The country’s currency has lost 90% of its value to the US dollar since 2019 as people lack access to their savings at local banks.
Lebanese President Michel Aoun expressed the importance of Qatar’s support for Lebanon in these difficult times in an exclusive interview with Doha State News Agency (QNA) the Saturday.
In his conversation with QNA, President Aoun said that Qatar and Lebanon seek to continuously develop their ties as part of the common desire to preserve them.
The interview came ahead of Sunday’s Lebanese legislative elections, the first since the 2019 revolution which called for political reform. The previous elections were held in 2018 and the country has since experienced a worsening economic situation.
The country’s currency has lost 90% of its value to the US dollar since 2019 as people lack access to their savings at local banks. The Lebanese people hoped that the elections would eliminate the politicians they blamed for the country’s economic crisis.
Qatar has already offered to provide assistance to Lebanon once it forms a government.
Speaking to the Qatari News Agency, Aoun said he hoped the next parliament would elect a new president who “would complete the roadmap he had set for himself to end the difficult situation in which the Lebanese”.
The turnout of Lebanese expatriates in Qatar on Friday, May 6, reached 66.38%, according to figures provided by the Lebanese Embassy in Doha. A total of 4,875 Lebanese voters out of the 7,344 registered voters voted at the polls in Doha.
Global turnout in this year’s election is estimated to be at least three times polling figures in 2018, according to Reuters.
The latest elections in Beirut are seen as the Lebanese people’s last hope after years of demanding change. According to Reutersthree quarters of the Lebanese population are plunged into poverty due to the economic situation.
The World Bank has described the situation in Lebanon as one of the worst financial crises of modern times. The situation was aggravated by the Covid-19 epidemic and the explosion in Beirut in 2020.
Despite billions in aid sent to Lebanon at the time, some non-governmental organizations said they received nothing. Qatar was the first country to offer direct support to the Lebanese in the aftermath of the explosion.
The Gulf state had pledged more than $70 million in donations.
Almost two years later, the Lebanese people are still demanding accountability and a proper investigation into the tragedy. The explosion was caused by years of explosive material hidden in the port of Beirut which politicians seem to be aware of.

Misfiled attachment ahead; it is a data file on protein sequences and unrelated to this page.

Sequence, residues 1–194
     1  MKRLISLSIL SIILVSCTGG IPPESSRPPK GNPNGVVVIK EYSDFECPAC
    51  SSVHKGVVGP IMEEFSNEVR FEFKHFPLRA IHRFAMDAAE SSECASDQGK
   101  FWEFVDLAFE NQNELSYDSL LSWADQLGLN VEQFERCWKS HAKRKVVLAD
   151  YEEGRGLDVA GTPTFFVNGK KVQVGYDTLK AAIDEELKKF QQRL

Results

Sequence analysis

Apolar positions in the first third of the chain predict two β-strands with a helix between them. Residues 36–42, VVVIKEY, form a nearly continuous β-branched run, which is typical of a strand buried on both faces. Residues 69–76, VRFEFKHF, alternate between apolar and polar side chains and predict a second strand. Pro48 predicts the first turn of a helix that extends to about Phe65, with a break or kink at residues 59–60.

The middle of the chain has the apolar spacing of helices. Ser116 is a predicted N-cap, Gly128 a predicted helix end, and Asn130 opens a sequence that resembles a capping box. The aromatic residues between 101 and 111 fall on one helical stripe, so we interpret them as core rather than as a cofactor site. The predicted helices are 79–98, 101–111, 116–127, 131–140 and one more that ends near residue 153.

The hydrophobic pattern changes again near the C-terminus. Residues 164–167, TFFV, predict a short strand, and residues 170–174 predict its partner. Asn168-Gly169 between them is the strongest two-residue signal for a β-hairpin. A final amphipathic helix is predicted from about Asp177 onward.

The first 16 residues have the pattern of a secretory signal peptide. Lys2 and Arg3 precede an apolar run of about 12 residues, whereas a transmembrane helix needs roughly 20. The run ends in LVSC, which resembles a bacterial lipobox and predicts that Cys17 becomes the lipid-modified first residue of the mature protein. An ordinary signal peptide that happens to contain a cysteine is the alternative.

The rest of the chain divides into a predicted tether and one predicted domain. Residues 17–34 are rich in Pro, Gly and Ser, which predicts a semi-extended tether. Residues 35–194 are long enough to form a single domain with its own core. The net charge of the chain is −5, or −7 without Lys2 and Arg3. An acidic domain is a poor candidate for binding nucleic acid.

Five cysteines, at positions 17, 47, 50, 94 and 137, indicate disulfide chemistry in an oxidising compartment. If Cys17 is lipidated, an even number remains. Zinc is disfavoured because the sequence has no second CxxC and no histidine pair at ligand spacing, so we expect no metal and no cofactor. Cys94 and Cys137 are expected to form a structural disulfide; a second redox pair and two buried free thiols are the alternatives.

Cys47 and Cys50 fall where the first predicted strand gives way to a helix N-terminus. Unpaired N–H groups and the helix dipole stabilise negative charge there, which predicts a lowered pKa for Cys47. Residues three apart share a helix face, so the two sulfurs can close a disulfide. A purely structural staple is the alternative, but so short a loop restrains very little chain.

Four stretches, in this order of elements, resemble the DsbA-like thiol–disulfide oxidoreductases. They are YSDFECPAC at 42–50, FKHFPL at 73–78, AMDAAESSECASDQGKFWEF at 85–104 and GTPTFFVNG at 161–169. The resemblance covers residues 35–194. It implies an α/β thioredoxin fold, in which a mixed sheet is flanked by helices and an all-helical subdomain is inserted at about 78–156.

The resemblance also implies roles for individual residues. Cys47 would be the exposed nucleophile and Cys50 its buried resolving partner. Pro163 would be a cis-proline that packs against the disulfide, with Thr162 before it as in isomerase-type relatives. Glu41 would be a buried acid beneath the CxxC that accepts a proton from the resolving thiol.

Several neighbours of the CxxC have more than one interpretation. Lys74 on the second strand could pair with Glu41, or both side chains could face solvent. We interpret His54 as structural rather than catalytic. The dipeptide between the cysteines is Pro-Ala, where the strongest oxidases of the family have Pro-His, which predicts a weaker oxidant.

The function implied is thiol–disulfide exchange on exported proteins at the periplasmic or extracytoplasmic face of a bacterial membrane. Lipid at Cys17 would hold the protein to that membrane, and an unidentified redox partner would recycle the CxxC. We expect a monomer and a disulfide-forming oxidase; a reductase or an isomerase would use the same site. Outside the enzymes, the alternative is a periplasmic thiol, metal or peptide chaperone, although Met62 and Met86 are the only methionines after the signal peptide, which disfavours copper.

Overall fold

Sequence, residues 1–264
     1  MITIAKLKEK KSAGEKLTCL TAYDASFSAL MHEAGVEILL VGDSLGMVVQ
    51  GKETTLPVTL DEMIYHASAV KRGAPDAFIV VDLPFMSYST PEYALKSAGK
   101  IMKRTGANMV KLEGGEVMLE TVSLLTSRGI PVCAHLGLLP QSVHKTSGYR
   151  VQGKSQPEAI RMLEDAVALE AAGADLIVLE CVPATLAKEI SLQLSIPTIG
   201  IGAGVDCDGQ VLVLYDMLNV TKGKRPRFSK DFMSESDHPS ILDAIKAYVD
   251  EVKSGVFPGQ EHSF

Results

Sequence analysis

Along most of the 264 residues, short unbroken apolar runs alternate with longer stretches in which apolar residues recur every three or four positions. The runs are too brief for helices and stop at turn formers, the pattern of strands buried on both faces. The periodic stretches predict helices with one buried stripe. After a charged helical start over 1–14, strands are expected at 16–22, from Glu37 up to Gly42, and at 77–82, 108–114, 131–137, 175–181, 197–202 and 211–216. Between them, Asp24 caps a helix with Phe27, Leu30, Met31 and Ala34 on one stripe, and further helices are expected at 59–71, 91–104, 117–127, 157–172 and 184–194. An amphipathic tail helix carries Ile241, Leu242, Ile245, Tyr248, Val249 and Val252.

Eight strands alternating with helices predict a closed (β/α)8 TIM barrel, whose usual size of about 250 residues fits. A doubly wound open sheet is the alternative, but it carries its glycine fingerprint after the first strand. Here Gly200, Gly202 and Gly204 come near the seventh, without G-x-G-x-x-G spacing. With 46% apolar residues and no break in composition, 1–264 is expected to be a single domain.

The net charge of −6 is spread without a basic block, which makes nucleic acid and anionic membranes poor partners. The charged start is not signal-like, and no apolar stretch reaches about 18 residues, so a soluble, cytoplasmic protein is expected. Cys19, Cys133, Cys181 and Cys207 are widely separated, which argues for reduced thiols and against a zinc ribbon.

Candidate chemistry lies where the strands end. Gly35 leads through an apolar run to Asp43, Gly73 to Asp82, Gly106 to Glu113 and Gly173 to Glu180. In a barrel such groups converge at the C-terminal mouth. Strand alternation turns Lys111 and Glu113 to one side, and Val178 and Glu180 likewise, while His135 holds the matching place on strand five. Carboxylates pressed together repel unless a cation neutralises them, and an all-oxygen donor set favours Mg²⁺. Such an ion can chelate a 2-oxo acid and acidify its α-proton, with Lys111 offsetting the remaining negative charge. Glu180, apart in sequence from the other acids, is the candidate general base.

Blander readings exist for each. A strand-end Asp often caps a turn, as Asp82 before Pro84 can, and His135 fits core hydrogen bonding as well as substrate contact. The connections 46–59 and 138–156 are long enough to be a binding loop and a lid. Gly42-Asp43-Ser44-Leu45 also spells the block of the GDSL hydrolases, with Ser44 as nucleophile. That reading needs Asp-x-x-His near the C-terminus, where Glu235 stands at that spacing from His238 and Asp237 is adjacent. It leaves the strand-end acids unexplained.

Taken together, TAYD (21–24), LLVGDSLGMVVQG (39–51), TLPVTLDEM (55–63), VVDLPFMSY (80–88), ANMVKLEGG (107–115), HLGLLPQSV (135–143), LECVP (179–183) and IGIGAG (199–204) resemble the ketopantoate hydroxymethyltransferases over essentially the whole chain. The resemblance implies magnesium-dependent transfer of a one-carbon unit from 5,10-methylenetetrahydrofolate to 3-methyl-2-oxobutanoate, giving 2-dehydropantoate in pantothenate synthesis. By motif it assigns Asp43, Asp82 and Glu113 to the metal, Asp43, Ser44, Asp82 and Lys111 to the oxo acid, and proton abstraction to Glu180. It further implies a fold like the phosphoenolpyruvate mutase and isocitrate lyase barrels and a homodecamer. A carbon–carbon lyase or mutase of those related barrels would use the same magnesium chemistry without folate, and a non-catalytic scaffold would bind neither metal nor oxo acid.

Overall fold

“I’ve tried to dismiss them before but this time it’s personal and we’re angry. We want justice. We can no longer stay silent and watch them lie to us, disrespect us and strip away dignity and dignity. pride of the Lebanese people,” said Rita Dahdah, a Lebanese working in Qatar. Doha News.
Elections are one of the conditions presented by the International Monetary Fund (IMF) as part of a April Draft Agreement with the Lebanese government. The elections would allow much-needed financial aid to enter the country.
Aoun told QNA that the agreement with the IMF is “the beginning of the march towards recovery and out of this crisis”.
“The objective of reaching an agreement with the International Monetary Fund is not only to obtain the amount of three billion dollars, or any other amount, as much as to establish a valid roadmap for a future economic vision. and financial worth,” said the Lebanese President.
Years of corruption have been a key problem that the Lebanese people have sought to resolve through elections. It’s a demand that echoed since the revolution, as people chanted ‘kellon ya’ani kellon’translating to “everything means everything” in Arabic.
Lebanon’s social fabric is fragmented into Shia Muslims, Sunni Muslims, Druze, Maronites and other Christian sects.
In 1975, several segments became embroiled in a 15-year civil war that left a lingering impact on the country. Various Lebanese officials continue to be caught up in corruption and scandals.
Legislative elections take place every four years and election candidates come from opposing political parties and sects. A number of seats are assigned to each sect.
The Lebanese population had to leave their country to seek a better life and to hope that the elections would allow their return to a better Lebanon.
“It’s time to change and give new people a chance and I’m responsible to my children. We always pay for our families’ choices,” said Lina Bissani, whose children are currently university students in Beirut. Doha News.